Mike Hudak's Podcast: Politics Trumps Science in Rangeland Management

How they do it.

In this 15-minute audio presentation, Mike Hudak explains how ranchers use politicians to intimidate land managers from the U.S. Forest Service and Bureau of Land Management into providing rancher-friendly livestock management that is often detrimental to wildlife. Hudak cites passages from his book Western Turf Wars: The Politics of Public Lands Ranching that illuminate the topic.

Mike Hudak’s Podcast: Politics Trumps Science in Rangeland Management

Cow flop, beer cans, and cheatgrass.  © Ken Cole
Cow flop, beer cans, and cheatgrass. © Ken Cole (click for larger view)


  1. jdubya Avatar

    “”Water will be another area where we will be increasing our emphasis of our management on watersheds. It’s one of the things we’re seeing with the change of climate, the change of streamflow. The importance of our watershed is something that’s very undervalued. “”

    You can say that again.

  2. Maska Avatar

    This is a good, clear explanation of the political realities behind the mismanagement of grazing on our public lands. It assumes little or no background knowledge of the subject. Thanks for the post, Ken.

  3. Brian Ertz Avatar

    Ken, I think you captured a “cultural” landscape moment more clearly than any I’ve ever seen. Perhaps we should put together a gallery of photographs like this and hold a fundraiser celebrating the western “way of life”, “custom & culture”, “livelihood” and other choice double-speak celebratory phrases.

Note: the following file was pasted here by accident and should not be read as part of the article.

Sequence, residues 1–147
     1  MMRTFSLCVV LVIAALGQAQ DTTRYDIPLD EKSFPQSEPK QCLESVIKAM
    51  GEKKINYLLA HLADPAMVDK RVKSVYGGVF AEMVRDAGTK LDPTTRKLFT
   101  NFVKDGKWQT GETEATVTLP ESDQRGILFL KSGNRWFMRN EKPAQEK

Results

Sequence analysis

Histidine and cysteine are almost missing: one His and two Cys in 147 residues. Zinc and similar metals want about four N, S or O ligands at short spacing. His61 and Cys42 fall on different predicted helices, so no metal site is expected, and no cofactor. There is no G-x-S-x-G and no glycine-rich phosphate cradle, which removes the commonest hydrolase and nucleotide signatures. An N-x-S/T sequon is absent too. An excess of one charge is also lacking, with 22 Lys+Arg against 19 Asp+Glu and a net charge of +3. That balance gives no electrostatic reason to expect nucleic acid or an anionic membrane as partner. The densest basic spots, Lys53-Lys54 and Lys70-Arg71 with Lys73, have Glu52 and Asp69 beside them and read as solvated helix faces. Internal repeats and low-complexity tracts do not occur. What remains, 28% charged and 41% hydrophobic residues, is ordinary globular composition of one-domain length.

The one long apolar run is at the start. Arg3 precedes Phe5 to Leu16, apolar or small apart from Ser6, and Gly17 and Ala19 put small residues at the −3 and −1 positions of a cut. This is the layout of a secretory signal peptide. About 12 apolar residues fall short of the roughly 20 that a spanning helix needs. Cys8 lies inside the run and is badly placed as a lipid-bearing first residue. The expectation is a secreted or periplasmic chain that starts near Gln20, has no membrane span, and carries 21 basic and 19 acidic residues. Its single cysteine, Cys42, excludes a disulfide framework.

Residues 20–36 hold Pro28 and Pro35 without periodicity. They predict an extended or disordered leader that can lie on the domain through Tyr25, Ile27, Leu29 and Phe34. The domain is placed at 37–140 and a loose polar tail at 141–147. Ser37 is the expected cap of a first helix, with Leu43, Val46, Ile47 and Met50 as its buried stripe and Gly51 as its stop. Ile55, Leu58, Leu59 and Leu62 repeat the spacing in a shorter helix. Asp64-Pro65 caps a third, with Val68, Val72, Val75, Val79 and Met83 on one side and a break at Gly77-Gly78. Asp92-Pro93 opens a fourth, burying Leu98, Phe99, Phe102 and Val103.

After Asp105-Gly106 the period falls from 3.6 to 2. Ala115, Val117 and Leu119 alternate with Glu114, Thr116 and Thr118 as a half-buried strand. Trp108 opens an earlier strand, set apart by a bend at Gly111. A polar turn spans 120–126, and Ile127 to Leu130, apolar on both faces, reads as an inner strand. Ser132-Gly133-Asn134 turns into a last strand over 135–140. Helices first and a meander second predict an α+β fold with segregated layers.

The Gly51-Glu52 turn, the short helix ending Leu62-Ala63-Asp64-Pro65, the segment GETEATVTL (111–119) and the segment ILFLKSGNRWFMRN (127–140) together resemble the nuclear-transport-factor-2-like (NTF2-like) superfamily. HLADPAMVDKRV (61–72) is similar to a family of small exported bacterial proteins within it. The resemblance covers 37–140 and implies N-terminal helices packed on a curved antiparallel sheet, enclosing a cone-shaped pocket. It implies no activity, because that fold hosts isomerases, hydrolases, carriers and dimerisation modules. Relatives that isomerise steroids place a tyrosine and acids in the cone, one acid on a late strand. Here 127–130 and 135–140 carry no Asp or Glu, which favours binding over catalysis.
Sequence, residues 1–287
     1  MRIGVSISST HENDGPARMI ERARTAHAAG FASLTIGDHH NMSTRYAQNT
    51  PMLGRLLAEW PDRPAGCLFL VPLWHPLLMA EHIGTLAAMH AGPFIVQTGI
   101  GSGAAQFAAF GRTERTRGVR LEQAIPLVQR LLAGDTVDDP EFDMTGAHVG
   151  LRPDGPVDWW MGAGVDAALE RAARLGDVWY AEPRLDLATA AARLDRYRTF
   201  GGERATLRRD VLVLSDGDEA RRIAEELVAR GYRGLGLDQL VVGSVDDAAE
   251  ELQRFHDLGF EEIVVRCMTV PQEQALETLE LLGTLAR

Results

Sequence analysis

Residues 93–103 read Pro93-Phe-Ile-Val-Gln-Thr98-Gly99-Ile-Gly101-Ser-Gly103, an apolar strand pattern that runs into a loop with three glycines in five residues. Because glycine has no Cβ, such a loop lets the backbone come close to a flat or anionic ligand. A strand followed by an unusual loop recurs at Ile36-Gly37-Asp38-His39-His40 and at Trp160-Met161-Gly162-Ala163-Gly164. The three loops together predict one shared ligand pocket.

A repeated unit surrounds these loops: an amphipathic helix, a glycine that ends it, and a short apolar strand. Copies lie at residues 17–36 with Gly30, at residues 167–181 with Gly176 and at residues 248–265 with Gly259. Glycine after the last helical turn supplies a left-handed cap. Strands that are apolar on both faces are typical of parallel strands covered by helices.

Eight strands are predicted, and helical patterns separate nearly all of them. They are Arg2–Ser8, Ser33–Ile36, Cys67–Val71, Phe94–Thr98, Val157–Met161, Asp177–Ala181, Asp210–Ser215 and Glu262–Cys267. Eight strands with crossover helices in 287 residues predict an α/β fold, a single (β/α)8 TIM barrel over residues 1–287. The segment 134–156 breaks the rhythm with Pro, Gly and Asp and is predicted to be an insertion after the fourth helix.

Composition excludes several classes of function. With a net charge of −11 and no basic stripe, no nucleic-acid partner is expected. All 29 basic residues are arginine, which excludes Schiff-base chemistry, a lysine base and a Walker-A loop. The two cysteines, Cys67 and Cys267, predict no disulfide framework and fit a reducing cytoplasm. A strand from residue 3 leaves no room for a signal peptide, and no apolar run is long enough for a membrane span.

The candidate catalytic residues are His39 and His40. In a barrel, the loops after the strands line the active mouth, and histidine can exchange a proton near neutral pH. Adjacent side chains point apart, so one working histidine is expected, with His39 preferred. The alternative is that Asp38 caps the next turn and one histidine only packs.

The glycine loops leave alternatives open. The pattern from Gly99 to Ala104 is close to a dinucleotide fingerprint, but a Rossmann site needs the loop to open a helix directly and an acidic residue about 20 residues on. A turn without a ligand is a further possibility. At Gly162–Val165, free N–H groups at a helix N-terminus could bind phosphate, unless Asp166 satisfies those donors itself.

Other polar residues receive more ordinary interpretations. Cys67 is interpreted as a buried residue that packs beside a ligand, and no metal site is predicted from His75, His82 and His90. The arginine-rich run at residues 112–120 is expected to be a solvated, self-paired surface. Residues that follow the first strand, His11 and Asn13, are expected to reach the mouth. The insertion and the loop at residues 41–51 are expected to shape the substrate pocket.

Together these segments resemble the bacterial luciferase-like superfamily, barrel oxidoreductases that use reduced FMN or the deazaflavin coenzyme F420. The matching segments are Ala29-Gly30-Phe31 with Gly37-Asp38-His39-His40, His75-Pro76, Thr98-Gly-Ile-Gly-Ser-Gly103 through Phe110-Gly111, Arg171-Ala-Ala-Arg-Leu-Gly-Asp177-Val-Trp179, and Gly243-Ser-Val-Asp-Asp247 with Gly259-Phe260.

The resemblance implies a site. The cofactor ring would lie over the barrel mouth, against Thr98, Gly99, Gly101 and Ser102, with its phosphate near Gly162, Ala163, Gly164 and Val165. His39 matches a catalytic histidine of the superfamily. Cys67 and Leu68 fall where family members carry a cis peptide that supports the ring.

Gawd – that was truly a Livestock blown-out wasteland …

  4. Maska Avatar

    That photo would make a great poster!

  5. jerry b Avatar
    jerry b

    Just two things missing………a barbed wire fence, and a dead coyote hanging from it.

  6. Ken Cole Avatar

    I uploaded a larger version of the photo. Click it to see 😉

  7. kt Avatar

    Hey – Ken and Brian – Wasn’t that fine photo taken in the Jarbidge landscape. You know, where the U of I is so busily engaged in “studying” the effects of grazing. Funny thing, though, they never find much of anything other than the U of I Range Department’s solution to everything which is cows, cows, and more cows – particularly those livestock owned by Simplot or Senator Bert Brackett and kin.

    We peons just need to shut up – and keep the federal and tax dollars flowing to support this endless U of I range “research” and also to keep Simplot and Brackett on the federal and state taxpayers dole …

    Oh, and about that political pressure bit … alien to that fine Jarbidge landscape, too. Simplot and Brackett never ever exert any political pressure. Like thwarting FWS’s own efforts to List slickspot peppergrass in the early 2000s, or asking Larry Craig, Crapo etc. to get rid of any BLM person who tries to actually follow environmental laws …

  8. DB Avatar

    The problem is very few are turned off by this scene (so whats an occassional beer can?). I’ve had people tell me how the Camus prairie “must look just like when Lewis and Clark came through.” A “western way of life” gallery of photos is needed. Free audio tapes of Hudak’s spiel, distributed at the borders, public service announcements, billboards (like the anti-meth ads), 24 protection for card-carrying WWP folks, of course.

  9. ChrisH Avatar

    Maska, I am thinking of sending some copies of the book to our friends in the Springerville Office and an honorary copies to Uncle Bill’s Bar in Reserve!

  10. Maska Avatar

    Great idea, Chris. Just don’t put your return address on the ones to Uncle Bill’s! 🙂


Ken Cole is a 5th generation Idahoan, an avid fly fisherman, wildlife enthusiast, and photographer. He is the interim Idaho Director for Western Watersheds Project.

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Ken Cole